After getting her smoker going with a pine comb, Caroline demonstrated an inspection of a hive that she described as ‘very boring’. I think the bees were too in awe of Caroline to do anything other than what they should.

The bees behave for Caroline while she inspects their hive. In the background, my lovely hive partner, Emily!

It was a lot of learning for one Sunday morning, so we took a break for lunch and sat on the lawn of LBKA’s base at Roots and Shoots in Lambeth.

‘Virus in varroa’ Caroline Washington, bee inspector North of the Thames

The afternoon sessions kicked off with a talk about the world of bee viruses by Caroline. She listed the top six bee viruses that we should all know:

  1. deformed wing virus*
  2. sacbrood virus
  3. chronic bee paralysis virus
  4. acute bee paralysis virus
  5. black queen cell virus
  6. Kashmir bee virus

The virus that should most interest London beekeepers is deformed wing virus, which is often transmitted to queens when they mate with infected drones. Caroline commented that there has been much talk lately in the beekeeping world about failing queens, but no one ever thinks to look at the drones.

I demonstrated uncanny queen-spotting skills in the earlier apiary practical session by spotting this queen winding her way across the frame before it had even been lifted out!

The Food and Environment Research Agency (FERA) suggests that deformed wing virus is associated with most colony collapse, and the problem has become worse because there are many more beekeepers now and not all are managing varroa. Bees have the same problem as people living in crowded cities like London – disease spreads faster. Hives that are not treated for varroa will have bees that will infect neighbouring hives, which seem very antisocial!

‘The claw chooses who will go and who will stay’

The most valuable lesson that Caroline gave us was to use a pair of tweezers for inspections – not to groom the bees and make them more lovely, but to look for nasty stuff on the comb. ‘I have been trying to get beekeepers to look more closely at the comb for years,’ said Caroline. ‘Bad comb is easier to spot than disease or mites.’ Caroline passed round some particularly grotty-looking frames and got us to have a close look at them.

‘Husbandry techniques’ Brian McCallum, seasonal bee inspector 

The final workshop of the day was with Brian McCallum who talked us through a practical checklist of good husbandry including using open mesh floors and varroa monitoring boards, a varroa calculator (available on the NBU website) and drone monitoring.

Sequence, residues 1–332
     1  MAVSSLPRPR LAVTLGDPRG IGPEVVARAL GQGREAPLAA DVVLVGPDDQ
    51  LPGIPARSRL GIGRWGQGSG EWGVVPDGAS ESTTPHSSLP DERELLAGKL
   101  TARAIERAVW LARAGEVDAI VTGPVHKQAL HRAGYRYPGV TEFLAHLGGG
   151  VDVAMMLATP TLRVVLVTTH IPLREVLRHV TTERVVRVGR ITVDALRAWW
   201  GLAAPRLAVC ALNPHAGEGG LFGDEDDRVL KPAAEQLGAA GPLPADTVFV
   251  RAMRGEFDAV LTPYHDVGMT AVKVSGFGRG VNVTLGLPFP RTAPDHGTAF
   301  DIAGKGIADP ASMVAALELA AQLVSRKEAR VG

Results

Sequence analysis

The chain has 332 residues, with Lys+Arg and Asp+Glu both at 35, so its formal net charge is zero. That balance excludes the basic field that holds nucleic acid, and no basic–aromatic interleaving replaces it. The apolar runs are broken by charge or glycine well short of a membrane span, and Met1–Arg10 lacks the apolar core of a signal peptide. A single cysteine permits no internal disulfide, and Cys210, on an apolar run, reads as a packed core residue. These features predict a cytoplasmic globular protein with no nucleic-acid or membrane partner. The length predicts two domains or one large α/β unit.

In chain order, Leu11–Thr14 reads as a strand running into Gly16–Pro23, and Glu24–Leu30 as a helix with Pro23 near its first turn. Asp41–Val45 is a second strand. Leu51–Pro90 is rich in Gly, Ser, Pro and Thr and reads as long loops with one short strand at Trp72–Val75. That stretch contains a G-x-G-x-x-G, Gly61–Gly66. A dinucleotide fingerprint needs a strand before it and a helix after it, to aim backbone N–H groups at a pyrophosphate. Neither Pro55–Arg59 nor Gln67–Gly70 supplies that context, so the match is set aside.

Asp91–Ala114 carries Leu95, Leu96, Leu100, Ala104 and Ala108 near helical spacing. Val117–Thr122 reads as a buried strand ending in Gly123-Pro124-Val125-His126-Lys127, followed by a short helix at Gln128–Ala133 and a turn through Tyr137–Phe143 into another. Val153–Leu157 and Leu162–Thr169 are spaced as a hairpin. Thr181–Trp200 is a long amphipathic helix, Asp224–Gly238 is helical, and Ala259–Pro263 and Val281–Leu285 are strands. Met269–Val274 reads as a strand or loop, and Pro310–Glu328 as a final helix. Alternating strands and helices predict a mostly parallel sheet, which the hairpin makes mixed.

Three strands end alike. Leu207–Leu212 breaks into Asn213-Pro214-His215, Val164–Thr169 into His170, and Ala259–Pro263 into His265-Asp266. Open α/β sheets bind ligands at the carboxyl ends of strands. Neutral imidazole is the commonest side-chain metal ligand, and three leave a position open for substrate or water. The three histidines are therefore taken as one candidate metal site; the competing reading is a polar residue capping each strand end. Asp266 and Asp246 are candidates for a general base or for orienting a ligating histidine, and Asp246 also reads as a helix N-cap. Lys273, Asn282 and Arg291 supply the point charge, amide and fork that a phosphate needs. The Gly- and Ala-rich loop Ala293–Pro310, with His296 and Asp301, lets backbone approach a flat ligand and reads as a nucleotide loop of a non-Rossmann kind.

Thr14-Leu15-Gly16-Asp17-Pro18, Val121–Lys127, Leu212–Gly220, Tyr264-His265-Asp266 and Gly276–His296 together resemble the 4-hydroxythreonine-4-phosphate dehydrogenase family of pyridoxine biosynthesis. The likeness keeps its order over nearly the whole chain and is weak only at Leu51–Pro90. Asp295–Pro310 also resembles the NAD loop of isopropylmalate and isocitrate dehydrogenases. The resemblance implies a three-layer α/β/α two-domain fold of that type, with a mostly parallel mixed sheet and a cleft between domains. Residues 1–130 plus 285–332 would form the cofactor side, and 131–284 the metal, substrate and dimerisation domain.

Drone monitoring is an effective method of checking levels of varroa in a hive, because the mites are most attracted to drone brood. This is done by taking out of frame of drone brood and de-capping it, then counting how many larvae are infected with varroa rather than counting the number of mites. This number can then be checked on the NBU varroa calculator, which will indicate if varroa has risen to harmful levels and requires treatment.

A capping fork is used to un-cap drone brood on a test frame and to count the number of larvae that have varroa – like the one here with a big red mite. © Crown copyright 2012

At the end of the day I suspected that my brain is not much bigger than a bee’s because it was hurting quite a bit. So Emily and me wandered round the beautiful garden of Roots and Shoots, and were introduced to the resident solitary bees by the gardener, David Perkins.

After all that varroa nastiness, here are some lovelier pictures of solitary bees and bumbles happily not worried about mites.

A little bumble bee John found in the morning that hitched a ride. Morgan Bowers, who comments below, says. ‘Your ‘little bumble bee’ is Andrena fulva, the Tawny Mining Bee.’

A solitary bee flies home. They are brilliant carpenters and make little homes for themselves. 


David has made a bee tower for the solitary bees at Roots and Shoots. These bees may be Osmia rufa, Red Mason Bee – thanks, Morgan!


A bee hurries off to get the last nectar of the day. She has no time to stop for photos and passes like a blur!


Useful links
National Bee Unit
London Beekeepers Association
Roots and Shoots

Related posts
Disappearing bees – countdown to catastrophe or one to watch?

A story in which there is snow, bees and snowdrops

The snow queen visited London this weekend and our plans were changed from going to the Chelsea Physic Garden snowdrop theatre to exploring my new home, Northolt Village, under spell of winter.

Hans Christian Andersen’s The Snow Queen was my favourite fairytale – as a child I would breathe a hole on frosted windows to look outside for her snow bees – so I couldn’t resist going to the apiary to see if our bees were enjoying the snow too.

Here are a few of my favourite photos from the day in a short video story.

My first video movie created in iMovie! I hope that you enjoyed it.

If you are interested, the Chelsea Physic Garden is running snowdrop days until 12 February 2012.

10 years of pretending to be a beekeeper

The bees at our apiary playing, 'pretend the beeks keep us'.

While I have only pretended to be a beekeeper for two years, some people have been pretending for much longer than that. A group of beekeepers from Ealing and District Beekeepers Association met last Thursday evening to celebrate Pat’s 10-year anniversary of being a beekeeper.